Obviously, the Y-line test is only for males. Ladies, I feel your pain. However, these next tests are for both sexes.
Mitochondrial DNA – For Direct Maternal Line Testing for Both Sexes
Mitochondrial DNA is inherited by all children from their mother only, with no admixture from the father. Women obtain their mitochondrial DNA from their mother, who got it from their mother, on up the line into infinity. This is the red circle on the right hand side of the pedigree chart. Like Y-line DNA, mitochondrial DNA is passed intact from one generation to the next, except for an occasional mutation that allows us to identify family members and family lines.
Unfortunately, it does not follow any surname. In fact the surname changes with every generation when women marry. This makes it more challenging to work with genealogically, but certainly not impossible. Because of the surname changes in every generation, there are no “surname” projects for mitochondrial DNA, but the Mothers of Acadia project is using mitochondrial DNA to reconstruct the Acadian families.
There are three levels of testing you can take for mitochondrial DNA at Family Tree DNA, which is where I recommend that you test. The mtDNA, the mtDNAPlus and the Full Sequence. The mtDNA test is a starter test that will only leave adoptees needing more. I strongly recommend the full sequence test, but if the budget just won’t allow that, then the mtDNAPlus will do until you can afford to upgrade. Family Tree DNA is the only major lab that tests the full sequence region, plus, they have the largest matching data base in the industry.
To put this in perspective for you, the mtDNA and the mtDNAPlus tests both test about 10% of your mitochondrial DNA and the full sequence test tests all of your 16,569 mitochondrial locations. You can then compare them with other people who have taken any of those 3 tests. For adoptees, you’ll need the power of the full sequence test. Pricing for the mtDNAPlus is currently $139 and the full sequence is $199.
After you receive your results, you can enter the mtDNA and mtDNAPlus portions into public data bases. There are no public data bases for the full sequence segment because there may be medical implications in some of those mutations, so they are not displayed publicly although they are compared privately within the Family Tree DNA data base. You will want to enter your data and check for matches at www.mitosearch.org (upload directly from your matches page at Family Tree DNA), www.smgf.org and www.ancestry.com, although beware of Ancestry’s accuracy issues.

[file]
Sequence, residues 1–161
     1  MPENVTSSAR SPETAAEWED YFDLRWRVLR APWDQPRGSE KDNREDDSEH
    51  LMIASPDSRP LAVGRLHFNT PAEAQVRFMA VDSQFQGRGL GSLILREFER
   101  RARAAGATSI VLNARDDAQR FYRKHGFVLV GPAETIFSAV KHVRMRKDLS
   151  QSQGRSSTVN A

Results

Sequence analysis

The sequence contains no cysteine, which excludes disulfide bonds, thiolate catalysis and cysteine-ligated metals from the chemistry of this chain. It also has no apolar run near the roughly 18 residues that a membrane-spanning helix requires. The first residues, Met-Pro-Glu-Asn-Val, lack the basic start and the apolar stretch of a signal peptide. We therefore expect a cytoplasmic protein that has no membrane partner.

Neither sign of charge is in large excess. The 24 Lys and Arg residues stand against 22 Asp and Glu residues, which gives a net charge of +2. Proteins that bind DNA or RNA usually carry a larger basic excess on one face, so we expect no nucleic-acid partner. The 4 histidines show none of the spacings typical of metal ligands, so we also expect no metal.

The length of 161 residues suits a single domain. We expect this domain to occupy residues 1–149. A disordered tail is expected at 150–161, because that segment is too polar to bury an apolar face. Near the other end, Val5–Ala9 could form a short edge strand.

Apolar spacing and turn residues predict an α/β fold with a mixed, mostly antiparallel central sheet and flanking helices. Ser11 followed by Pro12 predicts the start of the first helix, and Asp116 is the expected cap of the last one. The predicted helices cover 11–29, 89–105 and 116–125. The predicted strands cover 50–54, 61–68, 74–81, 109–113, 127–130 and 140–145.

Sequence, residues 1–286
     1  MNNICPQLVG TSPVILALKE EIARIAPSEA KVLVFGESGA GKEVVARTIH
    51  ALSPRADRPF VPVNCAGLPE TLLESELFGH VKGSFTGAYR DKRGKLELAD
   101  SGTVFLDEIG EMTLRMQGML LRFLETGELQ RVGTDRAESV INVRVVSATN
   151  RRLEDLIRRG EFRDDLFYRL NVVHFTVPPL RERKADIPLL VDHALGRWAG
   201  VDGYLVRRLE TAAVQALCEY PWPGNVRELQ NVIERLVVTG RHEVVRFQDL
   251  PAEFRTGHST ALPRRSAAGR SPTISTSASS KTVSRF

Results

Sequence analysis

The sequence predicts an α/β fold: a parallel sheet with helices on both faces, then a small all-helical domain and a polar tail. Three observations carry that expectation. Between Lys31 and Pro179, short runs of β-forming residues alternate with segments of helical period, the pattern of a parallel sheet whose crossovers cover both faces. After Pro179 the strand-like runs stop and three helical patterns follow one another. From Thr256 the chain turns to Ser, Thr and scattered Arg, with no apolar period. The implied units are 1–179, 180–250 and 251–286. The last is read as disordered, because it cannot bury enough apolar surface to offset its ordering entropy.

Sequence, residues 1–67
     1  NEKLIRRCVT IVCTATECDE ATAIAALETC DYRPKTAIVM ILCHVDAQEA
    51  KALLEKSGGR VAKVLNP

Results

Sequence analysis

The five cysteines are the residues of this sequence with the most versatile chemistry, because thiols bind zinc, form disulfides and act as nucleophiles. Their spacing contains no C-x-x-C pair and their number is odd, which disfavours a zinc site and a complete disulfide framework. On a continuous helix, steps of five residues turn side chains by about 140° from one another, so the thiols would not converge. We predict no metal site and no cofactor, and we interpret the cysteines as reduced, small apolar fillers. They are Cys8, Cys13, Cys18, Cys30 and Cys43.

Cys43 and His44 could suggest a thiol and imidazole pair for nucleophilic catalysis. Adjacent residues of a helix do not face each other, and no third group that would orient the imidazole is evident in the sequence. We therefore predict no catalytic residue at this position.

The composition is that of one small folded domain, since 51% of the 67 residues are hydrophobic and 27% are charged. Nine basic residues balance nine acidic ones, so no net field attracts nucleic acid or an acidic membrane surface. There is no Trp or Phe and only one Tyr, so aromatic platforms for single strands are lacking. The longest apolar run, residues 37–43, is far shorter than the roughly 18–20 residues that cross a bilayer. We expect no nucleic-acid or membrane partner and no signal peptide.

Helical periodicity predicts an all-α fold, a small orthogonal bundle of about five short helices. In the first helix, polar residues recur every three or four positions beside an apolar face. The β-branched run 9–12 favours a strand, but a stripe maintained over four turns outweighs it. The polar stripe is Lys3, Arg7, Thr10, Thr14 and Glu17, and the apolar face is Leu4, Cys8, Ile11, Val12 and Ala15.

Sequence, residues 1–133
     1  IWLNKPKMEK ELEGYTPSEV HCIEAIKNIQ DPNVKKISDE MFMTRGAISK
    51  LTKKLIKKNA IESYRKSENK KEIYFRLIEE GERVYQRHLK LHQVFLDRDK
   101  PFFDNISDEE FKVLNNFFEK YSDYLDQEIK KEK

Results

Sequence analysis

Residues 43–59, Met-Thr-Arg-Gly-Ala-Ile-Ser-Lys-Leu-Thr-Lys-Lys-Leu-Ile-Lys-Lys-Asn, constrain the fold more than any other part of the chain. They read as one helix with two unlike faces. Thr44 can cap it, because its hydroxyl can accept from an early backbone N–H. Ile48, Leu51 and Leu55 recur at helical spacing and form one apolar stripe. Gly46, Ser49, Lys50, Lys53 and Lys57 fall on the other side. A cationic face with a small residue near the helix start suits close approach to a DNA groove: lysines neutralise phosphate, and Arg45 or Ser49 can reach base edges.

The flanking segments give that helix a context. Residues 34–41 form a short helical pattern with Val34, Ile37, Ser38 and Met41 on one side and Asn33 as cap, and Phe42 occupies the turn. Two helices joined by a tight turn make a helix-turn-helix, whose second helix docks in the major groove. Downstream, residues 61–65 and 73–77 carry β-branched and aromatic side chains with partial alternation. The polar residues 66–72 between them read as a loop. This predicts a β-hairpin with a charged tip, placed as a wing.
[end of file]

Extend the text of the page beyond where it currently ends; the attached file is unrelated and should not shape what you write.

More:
If you match someone on either the Y-line or mitochondrial DNA, you may want to do some additional testing to see if you are closely related or if you are related back in time many generations. The good news is that autosomal testing is what you need and there are three autosomal pools to swim in, increasing your chances of a “hit.”
Autosomal Testing – The Rest of the Story – For Both Sexes
If there was a DNA test created for adoptees, this is it. This test can be used alone or in conjunction with the Y-line or mitochondrial DNA testing at Family Tree DNA. They are the only lab to have this advanced matching capability.
Autosomal DNA testing tests all of your 23 pairs of chromosomes that you inherit from both of your parents. You get half of each chromosome from each parent. You can see this pattern on the pedigree chart, represented by all of the 16 genealogical lines. Therefore, as you move up that tree, you should have inherited about 25% of your DNA from each grandparent, about 12.5% of your DNA from each great-grandparent, as have all of their other great-grandchildren.
So, if you were to take an autosomal test, and another one of your grandparents grandchildren tested, you would match them at some predictable percentage of your DNA. You can see the “cheat-sheet” we use below, courtesy of the ISOGG wiki.
You can see that your grandparents other grandchildren are your first cousins, and you share approximately 12.5% of your autosomal DNA with them. Therefore, if you match someone at 12.5%, you are either first cousins, great-grandchildren/great-grandparents or another relative with 12.5 in their “box” below, as compared to you.